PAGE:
A new world of emergency medicine
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A new world of emergency medicine

Holy Name Hospital's new ER facility

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Holy Name Hospital’s George P. Pitkin M.D. Emergency Care Center, which opened in August 2008, was the focal point of Dr. Arie Eisenman’s April 27 visit to the hospital.

The $22 million facility has more than doubled the emergency-treatment capacity to 41 beds (compared with 18 in the old ER). In times of very high demand, rooms can be further expanded to accommodate 82 patients at once.

Jonathan Hirsch, director of guest services at Holy Name, explained that there are several pods with individual nursing stations, and as each pod fills up, personnel can open a new area. “The pods break up the size, and each [medical] team has a certain section,” he said. “Personnel have cell phones and internal phones to get assistance. In addition, we can page all the doctors in the ER at once.”

“Forty to sixty percent of our patients come through the ER,” said Hirsch. “We want them to have very good experiences. We want to triage everybody within about five minutes of arrival and then send them right to a room.”

When patients are moved into rooms quickly, it is much less stressful for them, he said. They have more privacy and, if they feel up to it, they can take advantage of the communication centers provided in the ER rooms. Those electronic stations provide access to phone, Internet, and television.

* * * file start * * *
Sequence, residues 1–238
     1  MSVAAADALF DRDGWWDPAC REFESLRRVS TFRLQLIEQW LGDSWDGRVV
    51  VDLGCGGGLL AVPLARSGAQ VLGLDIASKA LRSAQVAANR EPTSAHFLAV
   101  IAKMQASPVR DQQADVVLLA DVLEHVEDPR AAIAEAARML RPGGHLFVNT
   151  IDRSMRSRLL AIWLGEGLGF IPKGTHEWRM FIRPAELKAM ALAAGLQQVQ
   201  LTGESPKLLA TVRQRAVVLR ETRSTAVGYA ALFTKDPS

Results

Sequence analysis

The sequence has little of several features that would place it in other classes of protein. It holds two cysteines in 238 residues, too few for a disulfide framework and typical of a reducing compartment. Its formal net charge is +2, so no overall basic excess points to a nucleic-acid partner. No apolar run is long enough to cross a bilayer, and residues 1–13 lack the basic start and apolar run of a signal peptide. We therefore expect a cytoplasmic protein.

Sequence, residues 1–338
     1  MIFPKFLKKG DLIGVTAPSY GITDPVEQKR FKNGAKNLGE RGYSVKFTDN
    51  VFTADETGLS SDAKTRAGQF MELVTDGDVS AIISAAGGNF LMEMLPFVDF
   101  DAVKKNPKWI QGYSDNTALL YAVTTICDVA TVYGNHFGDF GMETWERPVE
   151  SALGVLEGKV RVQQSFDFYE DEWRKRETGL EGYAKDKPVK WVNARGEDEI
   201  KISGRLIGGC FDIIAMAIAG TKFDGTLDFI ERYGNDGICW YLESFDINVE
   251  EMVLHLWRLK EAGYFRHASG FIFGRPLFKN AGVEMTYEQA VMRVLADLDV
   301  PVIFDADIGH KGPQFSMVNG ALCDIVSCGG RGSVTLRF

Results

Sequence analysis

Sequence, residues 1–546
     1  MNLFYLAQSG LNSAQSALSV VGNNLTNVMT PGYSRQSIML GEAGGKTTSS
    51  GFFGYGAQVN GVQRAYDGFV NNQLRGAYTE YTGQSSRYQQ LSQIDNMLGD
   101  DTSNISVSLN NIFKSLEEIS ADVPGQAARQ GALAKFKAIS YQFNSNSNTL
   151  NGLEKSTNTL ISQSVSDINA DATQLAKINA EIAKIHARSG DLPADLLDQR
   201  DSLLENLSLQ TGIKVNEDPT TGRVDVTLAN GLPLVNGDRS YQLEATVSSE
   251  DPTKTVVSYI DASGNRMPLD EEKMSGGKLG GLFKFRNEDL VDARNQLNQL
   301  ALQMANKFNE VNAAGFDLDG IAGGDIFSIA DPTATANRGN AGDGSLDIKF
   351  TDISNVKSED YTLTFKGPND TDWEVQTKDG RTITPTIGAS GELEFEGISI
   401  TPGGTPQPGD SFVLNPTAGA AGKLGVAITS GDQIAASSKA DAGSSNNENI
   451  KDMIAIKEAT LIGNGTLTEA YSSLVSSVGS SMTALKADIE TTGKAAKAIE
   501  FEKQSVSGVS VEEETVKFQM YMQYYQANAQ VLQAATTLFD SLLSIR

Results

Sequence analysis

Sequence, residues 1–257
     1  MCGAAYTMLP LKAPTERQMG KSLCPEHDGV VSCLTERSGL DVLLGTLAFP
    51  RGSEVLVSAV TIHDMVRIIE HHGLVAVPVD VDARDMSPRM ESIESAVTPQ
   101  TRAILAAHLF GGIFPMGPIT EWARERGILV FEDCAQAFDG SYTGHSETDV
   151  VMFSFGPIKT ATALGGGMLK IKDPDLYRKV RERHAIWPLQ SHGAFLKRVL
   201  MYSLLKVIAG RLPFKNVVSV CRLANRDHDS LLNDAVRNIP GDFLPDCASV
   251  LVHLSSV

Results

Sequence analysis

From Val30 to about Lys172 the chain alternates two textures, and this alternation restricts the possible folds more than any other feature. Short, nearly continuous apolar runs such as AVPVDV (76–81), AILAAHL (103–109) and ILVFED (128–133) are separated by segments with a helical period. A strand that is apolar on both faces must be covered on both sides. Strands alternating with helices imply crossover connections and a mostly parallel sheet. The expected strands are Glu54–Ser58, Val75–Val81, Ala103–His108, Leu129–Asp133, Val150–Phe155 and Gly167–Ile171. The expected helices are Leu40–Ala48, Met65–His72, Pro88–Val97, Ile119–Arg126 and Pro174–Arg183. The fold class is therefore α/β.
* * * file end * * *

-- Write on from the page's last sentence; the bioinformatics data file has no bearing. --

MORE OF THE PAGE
The emergency facilities were designed to have a calming atmosphere, said Hirsch. Earthtone colors were used, as well as recessed lighting, so that a patient on a gurney, looking up at the ceiling, won’t be disturbed by glaring lights.

Children who come in to the ER can stay in the private rooms with their parents. If a child is crying, the glass doors may be closed for more privacy, said Hirsch. “For children we have toys and games. Parents don’t have to worry.” There is also an emergency dental room in the ER for sports injuries, which occur more commonly in children.

In the event of infectious diseases like the swine flu H1N1 virus, the new facility has several rooms with negative air pressure. The ventilation of such rooms is designed so that air can only flow freely into the room. Air exiting the room, possibly harboring infectious agents, is pumped through filters that remove germs. This reduces the risk of the infection spreading to other patients and medical personnel.

The new ER is also equipped to handle chemical or radiologic emergencies. The decontamination area for chemical toxins has special shower facilities. In addition, there is a radiologic detector to screen patients who might have been exposed to radioactive substances.

The ER can be expanded in the event of a large catastrophe. The Marion Conference Center, located underground, one level below the ER, has been designed to serve as an emergency triage center. Rabbi Lawrence Zierler, who attended the event featuring Dr. Arie Eisenman, remarked that the design of emergency facilities is approached differently since 9/11. “The biggest spaces in Israeli institutions are also protected spaces,” he said. “We’re learning the same thing here [in the United States] – to design spaces for possible use in an emergency. We no longer think of them as single-use purposes.”

“We have to be prepared,” said Zierler. “Close your eyes and imagine it. God forbid, in a situation where there are massive casualties, a major accident, or another terrorism attack, that room would look very different.”

Holy Name also has a mobile command center with mobile intensive care unit available for emergency use. It was used recently, Hirsch reported. “We were down at the airline crash in the Hudson, treating patients,” he said.

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